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Why do NBA teams keep thinking Jeff Green is the missing piece?

Despite years of evidence that suggest Green is just a mediocre player that occasionally puts it together for very short stretches, teams continue to inexplicably gamble on him. You'd think they'd know better.

Nelson Chenault-USA TODAY Sports

Just before the trade deadline, the Clippers traded Lance Stephenson and a first-round pick to the Grizzlies for Jeff Green. It will be Green's third team in three years. Last year, Memphis traded Tayshaun Prince, Quincy Pondexter and a first-round pick to Boston. How did he get to Boston in the first place? The Celtics stunned the league and broke up a successful starting five to acquire him from the Thunder in 2011 for Kendrick Perkins.

Three front offices in the span of the last half-decade -- including two in the last 13 months alone -- convinced themselves that Green was the missing piece. The Grizzlies and Clippers gave up one of the most valuable assets in today's NBA --  a first-round pick -- to get him. The Celtics did one better, breaking up a beloved and championship-winning starting five to bring Green in. Why does this keep happening?

Teams talk themselves into Green because of his physical profile and skill set. He's a long, athletic 6'9 forward who has the ball-handling skills to play on the perimeter and the size to move up to power forward in small lineups. That is exactly the type of player that is in vogue today, because having lineup versatility is key. On paper, Green provides amazing lineup versatility.

Green also has the occasional game or stretch of games where he looks like a world-beater. During these glimpses when his fluidity as an athlete is on full display, his shot is falling and he uses his length on defense to make plays, he looks like an All-Star. In the five games leading up to the trade deadline, for example, he averaged 16 points, five rebounds, two assists and a steal for the Grizzlies. That's why GMs always fall in love with him. It's also why Charles Barkley can say Green could be "a perennial All-Star" with a straight face.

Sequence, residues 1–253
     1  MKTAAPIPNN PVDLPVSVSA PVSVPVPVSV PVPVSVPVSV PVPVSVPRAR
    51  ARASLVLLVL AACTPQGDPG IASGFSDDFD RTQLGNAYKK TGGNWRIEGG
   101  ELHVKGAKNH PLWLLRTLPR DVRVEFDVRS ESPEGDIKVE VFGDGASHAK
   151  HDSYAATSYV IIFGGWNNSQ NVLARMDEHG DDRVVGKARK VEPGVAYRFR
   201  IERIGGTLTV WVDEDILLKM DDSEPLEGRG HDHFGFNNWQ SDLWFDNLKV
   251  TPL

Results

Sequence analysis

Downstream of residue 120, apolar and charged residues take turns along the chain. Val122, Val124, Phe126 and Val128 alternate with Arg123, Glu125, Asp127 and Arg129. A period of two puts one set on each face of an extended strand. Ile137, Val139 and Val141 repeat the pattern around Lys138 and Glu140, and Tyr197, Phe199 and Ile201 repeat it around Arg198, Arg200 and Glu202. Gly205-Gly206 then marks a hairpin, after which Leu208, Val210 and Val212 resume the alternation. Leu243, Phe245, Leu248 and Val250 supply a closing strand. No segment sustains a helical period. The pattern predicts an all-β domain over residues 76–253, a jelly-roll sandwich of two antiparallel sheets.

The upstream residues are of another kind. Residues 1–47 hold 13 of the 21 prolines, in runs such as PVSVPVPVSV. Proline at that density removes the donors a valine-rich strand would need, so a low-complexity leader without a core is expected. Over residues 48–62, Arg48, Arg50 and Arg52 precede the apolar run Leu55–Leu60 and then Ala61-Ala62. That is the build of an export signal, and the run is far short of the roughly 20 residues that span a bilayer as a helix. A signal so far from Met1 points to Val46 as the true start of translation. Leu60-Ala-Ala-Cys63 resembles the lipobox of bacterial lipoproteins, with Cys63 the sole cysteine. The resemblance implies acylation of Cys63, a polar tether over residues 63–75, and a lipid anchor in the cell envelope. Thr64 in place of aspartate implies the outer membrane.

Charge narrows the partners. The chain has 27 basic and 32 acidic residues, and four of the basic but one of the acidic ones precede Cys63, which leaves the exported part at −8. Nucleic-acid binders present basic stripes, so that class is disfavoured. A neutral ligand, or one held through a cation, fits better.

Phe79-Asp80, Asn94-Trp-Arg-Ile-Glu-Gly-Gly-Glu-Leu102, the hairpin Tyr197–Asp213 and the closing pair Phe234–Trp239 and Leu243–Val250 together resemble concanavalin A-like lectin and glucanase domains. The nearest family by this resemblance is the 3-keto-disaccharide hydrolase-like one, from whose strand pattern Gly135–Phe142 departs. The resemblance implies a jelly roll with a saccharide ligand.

But those moments are few and far between. We now have an eight-season sample that shows Green isn't the star he sometimes seems to be. We know that he has always been extremely inconsistent, his numbers have often been hollow and he's never really figured out how to leverage his physical tools to help a team win over the long haul.

Green rebounds like a small forward. He's one of 24 players who are 6'8 or taller who pull down less than 15 percent of available defensive rebounds (minimum 1,000 minutes). Despite his length, he's not a good post defender because of his slender frame, ranking in the 29th percentile in the league. He offers very little in the way of rim protection as well, allowing opponents to shoot over 50 percent on the attempts he contests at the basket. He commits so many mental errors defending the pick and roll and guarding players in isolation.